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Patrick Quigley’s practice is focused on litigating bid protests, contract claims, prime/subcontractor disputes, and small business size protests/appeals at the Government Accountability Office, U.S. Court of Federal Claims, boards of contract appeals, federal agencies, the Small Business Administration, and state courts. He conducts internal investigations and defends clients in False Claims Act litigation, government investigations, and suspension and debarment actions. Patrick conducts due diligence reviews of and advises on the government-contract aspects of business transactions, and counsels on procurement law compliance, federal employee ethics rules, teaming agreements, and conflict-of-interest mitigation plans.

SBA’s New Paycheck Protection Program Appeal RuleAs part of Bradley’s continued reporting on issues arising from the CARES Act and the Paycheck Protection Program (PPP) that uniquely impact government contractors, we summarize here a new Small Business Administration (SBA) loan decision appeal rule.

Background on the New Rule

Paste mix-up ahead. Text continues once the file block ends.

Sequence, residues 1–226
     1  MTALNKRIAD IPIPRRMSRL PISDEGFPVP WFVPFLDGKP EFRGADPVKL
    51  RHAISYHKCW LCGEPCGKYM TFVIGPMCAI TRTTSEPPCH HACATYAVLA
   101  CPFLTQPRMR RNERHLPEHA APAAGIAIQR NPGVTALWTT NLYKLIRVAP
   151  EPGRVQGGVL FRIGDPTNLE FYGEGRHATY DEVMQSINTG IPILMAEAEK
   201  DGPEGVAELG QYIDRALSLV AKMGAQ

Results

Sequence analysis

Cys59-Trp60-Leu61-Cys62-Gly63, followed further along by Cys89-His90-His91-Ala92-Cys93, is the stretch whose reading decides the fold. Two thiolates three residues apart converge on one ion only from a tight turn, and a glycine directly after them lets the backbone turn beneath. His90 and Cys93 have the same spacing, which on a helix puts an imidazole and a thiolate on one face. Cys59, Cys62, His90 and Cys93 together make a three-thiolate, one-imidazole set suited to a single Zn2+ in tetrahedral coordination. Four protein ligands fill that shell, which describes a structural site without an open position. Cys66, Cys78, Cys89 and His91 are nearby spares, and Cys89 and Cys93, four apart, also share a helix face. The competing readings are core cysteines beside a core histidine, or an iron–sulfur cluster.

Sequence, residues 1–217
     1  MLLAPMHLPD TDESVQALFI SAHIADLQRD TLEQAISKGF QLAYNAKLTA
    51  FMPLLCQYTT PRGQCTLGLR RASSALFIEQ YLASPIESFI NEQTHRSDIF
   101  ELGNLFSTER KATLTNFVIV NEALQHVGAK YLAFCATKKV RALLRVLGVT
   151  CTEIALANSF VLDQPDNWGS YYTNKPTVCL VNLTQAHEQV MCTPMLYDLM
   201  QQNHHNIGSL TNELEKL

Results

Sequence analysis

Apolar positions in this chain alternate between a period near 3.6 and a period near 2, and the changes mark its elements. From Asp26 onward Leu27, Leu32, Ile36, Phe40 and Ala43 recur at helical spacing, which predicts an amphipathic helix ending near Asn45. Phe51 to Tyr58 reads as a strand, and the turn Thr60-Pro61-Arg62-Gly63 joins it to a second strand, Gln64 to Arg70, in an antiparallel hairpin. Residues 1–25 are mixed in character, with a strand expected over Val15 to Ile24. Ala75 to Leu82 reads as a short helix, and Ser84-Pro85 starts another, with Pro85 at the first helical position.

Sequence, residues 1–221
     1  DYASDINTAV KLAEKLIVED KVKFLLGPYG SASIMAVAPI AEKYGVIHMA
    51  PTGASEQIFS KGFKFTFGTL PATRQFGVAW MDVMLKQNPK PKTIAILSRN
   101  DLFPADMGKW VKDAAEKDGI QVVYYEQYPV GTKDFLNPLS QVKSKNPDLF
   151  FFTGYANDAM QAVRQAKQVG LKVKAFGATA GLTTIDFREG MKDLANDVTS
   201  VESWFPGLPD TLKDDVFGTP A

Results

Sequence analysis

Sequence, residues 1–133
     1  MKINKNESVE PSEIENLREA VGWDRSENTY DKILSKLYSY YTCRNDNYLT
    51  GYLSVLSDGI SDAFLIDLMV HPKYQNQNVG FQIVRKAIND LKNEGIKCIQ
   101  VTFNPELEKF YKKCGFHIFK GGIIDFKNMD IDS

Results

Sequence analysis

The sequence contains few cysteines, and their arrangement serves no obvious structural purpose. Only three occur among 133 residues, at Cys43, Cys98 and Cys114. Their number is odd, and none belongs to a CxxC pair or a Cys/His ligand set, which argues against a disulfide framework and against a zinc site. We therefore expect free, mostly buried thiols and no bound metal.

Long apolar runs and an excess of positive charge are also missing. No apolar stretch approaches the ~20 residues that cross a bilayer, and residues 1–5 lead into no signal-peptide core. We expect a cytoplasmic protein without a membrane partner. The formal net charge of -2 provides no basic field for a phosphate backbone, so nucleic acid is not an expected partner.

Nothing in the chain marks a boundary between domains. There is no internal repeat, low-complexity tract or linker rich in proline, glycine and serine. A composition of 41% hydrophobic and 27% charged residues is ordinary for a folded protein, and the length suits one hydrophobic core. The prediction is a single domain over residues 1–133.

On March 27, 2020, the CARES Act became law. Section 1102 of that

Now There’s Something You Don’t See Every Day:  A Subcontractor Intervening in a Bid ProtestFans of the classic 1960s cartoon series Rocky and Bullwinkle may recall two minor characters, Chauncey and Edgar, who commented on the action by saying something like this: “Now there’s something you don’t see every day, Edgar.” “What’s that, Chauncey?” And then Chauncey would tell the joke, such as it was. (It usually wasn’t much.)

The Little Tucker Act Is Alive and WellMost government contract lawyers are already familiar with the Tucker Act (28 U.S.C. § 1491), which gives the U.S. Court of Federal Claims jurisdiction over many non-tort claims against the United States, including contract disputes, Fifth Amendment takings, tax refunds, and other matters. But another Tucker Act is often overlooked: the Little Tucker